Category: Nonfiction
Reviewed by: Casey Suire
Title: Liftoff: Elon Musk and the Desperate Early Days That Launched SpaceX
Author: Eric Berger
NSS Amazon link for this book
Format: Hardcover/Kindle
Pages: 288
Publisher: William Morrow
Date: March 2021
Retail price: $27.99/$12.99
ISBN: 978-0062979971

Homer Hickam, author of Rocket Boys which became the movie October Sky, summed it up this way: “This is as important a book on space as has ever been written and it’s a riveting page-turner, too.”

On May 30, 2020, a Falcon 9 rocket roared off historic pad 39A in Cape Canaveral, Florida. The mission was the first crewed test flight of the new Crew Dragon spacecraft. After spending two months docked to the International Space Station, the Crew Dragon, carrying two NASA astronauts, returned to Earth on August 2.

In Liftoff: Elon Musk and the Desperate Early Days That Launched SpaceX, author Eric Berger writes about the early years of the American aerospace company SpaceX. What began as an idea by founder Elon Musk to send a greenhouse to Mars evolved into a company focused on reducing the high costs of rocket launches. Readers will learn, however, that the success of SpaceX was far from certain. Achievements such as the Crew Dragon demonstration mission almost didn’t happen.

There are both similarities and differences between early SpaceX and today’s SpaceX. One thing that never changed is the company’s ability to do things quickly. Some employees joked that they worked in dog years—seven years in one. The first SpaceX rocket, the Falcon 1, went from the drawing board to the launch pad in under four years.

From the beginning, the company adopted an iterative approach to design. Rather than working slowly and cautiously, SpaceX would quickly build and test prototypes until they failed. Afterward, the next prototype would be improved based on the results of the previous test. The cycle continued until the final version of a design was agreed upon. Failure actually was an option. Today, SpaceX is still using the iterative approach for designing the massive Super Heavy/Starship booster.

One difference is how much success SpaceX enjoyed. Musk’s idea of building cheap rockets was nothing new. Berger writes about other space entrepreneurs making the same promise and not succeeding. Why, many wondered, would SpaceX be any different? The first three launches of the Falcon 1 failed for various reasons. A few of the photographs in the book are of wreckage from the rocket’s first flight. This is a far cry from an organization now regularly launching and landing Falcon 9 boosters.

With one last roll of the dice, a nearly bankrupt SpaceX eventually did make it to orbit on Falcon 1’s fourth flight. The dramatic events leading up to this launch read more like a movie than actual real life. Impressed by the launch, NASA awarded SpaceX a contract to send supplies to the International Space Station. It was three days before Christmas 2008.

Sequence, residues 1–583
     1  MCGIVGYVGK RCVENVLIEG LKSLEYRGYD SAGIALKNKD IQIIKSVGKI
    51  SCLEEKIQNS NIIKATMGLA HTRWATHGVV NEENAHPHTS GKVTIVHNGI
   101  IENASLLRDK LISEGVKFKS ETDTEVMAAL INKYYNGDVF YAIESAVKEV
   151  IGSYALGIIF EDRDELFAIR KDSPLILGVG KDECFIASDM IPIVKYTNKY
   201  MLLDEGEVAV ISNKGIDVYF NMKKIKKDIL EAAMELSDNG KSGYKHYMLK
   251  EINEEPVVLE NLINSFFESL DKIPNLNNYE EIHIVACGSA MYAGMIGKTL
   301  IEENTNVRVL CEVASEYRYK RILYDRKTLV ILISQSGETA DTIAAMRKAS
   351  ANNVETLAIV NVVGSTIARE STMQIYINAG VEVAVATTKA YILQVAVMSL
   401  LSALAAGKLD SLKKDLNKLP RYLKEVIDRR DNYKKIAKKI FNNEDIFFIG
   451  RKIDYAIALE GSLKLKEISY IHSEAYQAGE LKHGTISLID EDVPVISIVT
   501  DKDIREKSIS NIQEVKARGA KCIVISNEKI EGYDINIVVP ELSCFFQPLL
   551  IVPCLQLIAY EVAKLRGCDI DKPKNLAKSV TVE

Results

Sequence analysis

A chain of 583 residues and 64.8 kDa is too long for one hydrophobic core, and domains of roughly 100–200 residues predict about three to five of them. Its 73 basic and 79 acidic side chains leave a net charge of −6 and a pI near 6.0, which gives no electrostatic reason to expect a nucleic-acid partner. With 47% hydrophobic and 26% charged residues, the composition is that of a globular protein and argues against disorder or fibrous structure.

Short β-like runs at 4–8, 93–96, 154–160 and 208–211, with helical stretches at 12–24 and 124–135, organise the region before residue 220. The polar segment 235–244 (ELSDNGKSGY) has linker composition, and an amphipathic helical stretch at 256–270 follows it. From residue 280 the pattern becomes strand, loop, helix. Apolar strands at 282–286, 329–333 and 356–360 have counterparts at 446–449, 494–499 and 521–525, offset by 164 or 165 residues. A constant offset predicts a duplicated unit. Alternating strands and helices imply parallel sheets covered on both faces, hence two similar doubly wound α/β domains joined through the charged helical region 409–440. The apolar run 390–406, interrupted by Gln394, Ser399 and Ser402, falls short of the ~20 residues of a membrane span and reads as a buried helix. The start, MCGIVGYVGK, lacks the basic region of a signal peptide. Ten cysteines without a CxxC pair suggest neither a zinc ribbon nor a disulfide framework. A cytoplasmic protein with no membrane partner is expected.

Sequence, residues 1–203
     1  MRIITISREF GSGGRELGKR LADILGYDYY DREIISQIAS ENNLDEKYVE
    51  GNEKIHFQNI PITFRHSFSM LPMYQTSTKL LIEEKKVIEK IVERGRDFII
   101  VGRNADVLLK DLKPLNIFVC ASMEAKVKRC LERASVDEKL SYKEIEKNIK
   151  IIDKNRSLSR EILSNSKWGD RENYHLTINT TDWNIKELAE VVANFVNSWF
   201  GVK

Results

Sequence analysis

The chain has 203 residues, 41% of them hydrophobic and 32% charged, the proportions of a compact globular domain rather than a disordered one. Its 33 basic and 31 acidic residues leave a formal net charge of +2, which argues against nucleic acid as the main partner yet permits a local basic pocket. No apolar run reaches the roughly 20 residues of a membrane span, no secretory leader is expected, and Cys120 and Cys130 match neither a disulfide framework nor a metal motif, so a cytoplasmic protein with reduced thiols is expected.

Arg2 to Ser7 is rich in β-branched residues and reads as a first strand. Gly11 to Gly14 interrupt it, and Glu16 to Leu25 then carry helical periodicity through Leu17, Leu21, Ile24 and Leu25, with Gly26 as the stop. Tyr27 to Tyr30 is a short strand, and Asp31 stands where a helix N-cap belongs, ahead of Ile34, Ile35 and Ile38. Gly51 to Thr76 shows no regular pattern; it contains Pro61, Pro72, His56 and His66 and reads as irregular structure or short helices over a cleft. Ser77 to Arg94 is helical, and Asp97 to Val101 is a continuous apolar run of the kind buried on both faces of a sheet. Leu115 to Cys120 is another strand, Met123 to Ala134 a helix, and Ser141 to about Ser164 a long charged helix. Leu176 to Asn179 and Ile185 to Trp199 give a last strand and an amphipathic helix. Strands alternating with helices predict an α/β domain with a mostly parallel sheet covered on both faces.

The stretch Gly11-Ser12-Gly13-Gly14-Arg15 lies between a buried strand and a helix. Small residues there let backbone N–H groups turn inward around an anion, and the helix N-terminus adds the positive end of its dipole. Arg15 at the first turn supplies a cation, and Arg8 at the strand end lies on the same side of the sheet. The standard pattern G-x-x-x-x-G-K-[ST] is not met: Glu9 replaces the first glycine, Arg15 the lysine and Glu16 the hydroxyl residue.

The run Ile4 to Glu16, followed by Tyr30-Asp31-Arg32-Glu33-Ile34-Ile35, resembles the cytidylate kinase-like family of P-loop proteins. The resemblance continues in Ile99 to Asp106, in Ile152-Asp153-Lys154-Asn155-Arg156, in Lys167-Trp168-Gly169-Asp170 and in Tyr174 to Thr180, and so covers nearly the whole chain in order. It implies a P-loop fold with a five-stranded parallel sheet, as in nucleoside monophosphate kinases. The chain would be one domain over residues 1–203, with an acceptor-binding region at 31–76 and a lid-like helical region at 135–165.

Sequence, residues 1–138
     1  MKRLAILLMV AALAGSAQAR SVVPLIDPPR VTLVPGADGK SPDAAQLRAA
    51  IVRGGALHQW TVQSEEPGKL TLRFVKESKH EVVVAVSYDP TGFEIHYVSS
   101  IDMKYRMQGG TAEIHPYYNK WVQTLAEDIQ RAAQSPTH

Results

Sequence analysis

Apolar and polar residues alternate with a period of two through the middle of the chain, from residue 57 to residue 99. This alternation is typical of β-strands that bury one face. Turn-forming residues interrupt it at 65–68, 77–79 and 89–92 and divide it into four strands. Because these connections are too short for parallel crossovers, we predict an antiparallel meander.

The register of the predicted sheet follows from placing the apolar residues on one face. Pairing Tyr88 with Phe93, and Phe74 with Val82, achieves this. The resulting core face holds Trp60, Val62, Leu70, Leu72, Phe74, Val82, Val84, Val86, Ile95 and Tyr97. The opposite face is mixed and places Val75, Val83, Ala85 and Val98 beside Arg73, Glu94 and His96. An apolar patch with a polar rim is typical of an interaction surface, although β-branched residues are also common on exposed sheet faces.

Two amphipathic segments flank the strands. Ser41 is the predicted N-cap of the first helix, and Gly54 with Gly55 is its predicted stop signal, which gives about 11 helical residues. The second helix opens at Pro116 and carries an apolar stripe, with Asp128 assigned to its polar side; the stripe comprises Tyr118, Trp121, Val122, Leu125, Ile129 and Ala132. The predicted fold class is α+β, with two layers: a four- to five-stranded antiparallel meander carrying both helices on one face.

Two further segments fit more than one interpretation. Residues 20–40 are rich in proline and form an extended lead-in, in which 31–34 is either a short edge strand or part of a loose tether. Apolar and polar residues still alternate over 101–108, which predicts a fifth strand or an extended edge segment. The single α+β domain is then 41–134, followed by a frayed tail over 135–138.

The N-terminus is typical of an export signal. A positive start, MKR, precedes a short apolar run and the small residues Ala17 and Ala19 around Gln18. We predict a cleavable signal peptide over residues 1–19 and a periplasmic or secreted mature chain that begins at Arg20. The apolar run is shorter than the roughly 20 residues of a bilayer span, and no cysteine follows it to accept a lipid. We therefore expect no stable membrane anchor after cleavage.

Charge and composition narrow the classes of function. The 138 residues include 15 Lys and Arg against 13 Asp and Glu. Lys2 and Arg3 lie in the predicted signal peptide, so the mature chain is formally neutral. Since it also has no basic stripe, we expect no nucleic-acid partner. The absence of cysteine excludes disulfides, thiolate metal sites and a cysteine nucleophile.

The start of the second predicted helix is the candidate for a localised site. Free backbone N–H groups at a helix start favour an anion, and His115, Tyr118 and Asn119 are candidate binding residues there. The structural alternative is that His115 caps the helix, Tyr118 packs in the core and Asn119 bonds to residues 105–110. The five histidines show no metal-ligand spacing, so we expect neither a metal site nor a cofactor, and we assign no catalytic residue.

Also among the differences between early SpaceX and today was Omelek, an island in the Kwajalein Atoll. Long before Cape Canaveral, Vandenberg, or Boca Chica, SpaceX launched rockets from this location. The challenges of traveling, working, and living on the island, located far away from company headquarters in California, provided more than a few entertaining stories in Liftoff.

Perhaps the book’s greatest strength is the emphasis on several early SpaceX employees. Rather than give all the attention to Musk, Berger spends a lot of his book writing about the contributions of many other notable people. Who these people were, how they got hired, and what they did at SpaceX is a major part of Liftoff. Without the dedication and sacrifices of just one key person, spaceflight history might have been a lot different.

Overall, the book is well-researched. It does have an error regarding a Falcon 9 launch on April 8, 2016. The mission, which included the first drone ship landing of a Falcon 9 first stage, was actually a space station resupply mission and not a Thai communications satellite launch as claimed in the book. Other information is already obsolete due to the rapid growth of commercial spaceflight. In the book, Rocket Lab is credited with being the only private company to reach orbit since SpaceX’s 2008 triumph. In January 2021, Virgin Orbit achieved orbit as well. Due to the pioneering work of SpaceX between 2002 and 2008, the number of private companies reaching orbit and beyond will continue to increase.

Liftoff is filled with so much interesting trivia that even loyal space fans might learn something new. How did SpaceX name their first generation of rockets, spacecraft, and engines? How did Musk solve the relocation problem of a prospective hire that was married to a Google employee? Why did Falcon 1 launch from Kwajalein in the first place? What does “always go to eleven” mean? Why do all SpaceX mission patches have a four-leaf clover? What is turkish goulash, and how do you make it? For those interested, an employee’s recipe is even included.

Berger really did a fantastic job writing this one. It is fast-paced, easy to read, and very thrilling. The book has it all: hard work, determination, humor, disappointment, and eventually celebration. In Liftoff, one era of spaceflight ends and another one begins. Required reading for understanding what is currently going on in space. The road to Mars begins here!

© 2021 Casey Suire

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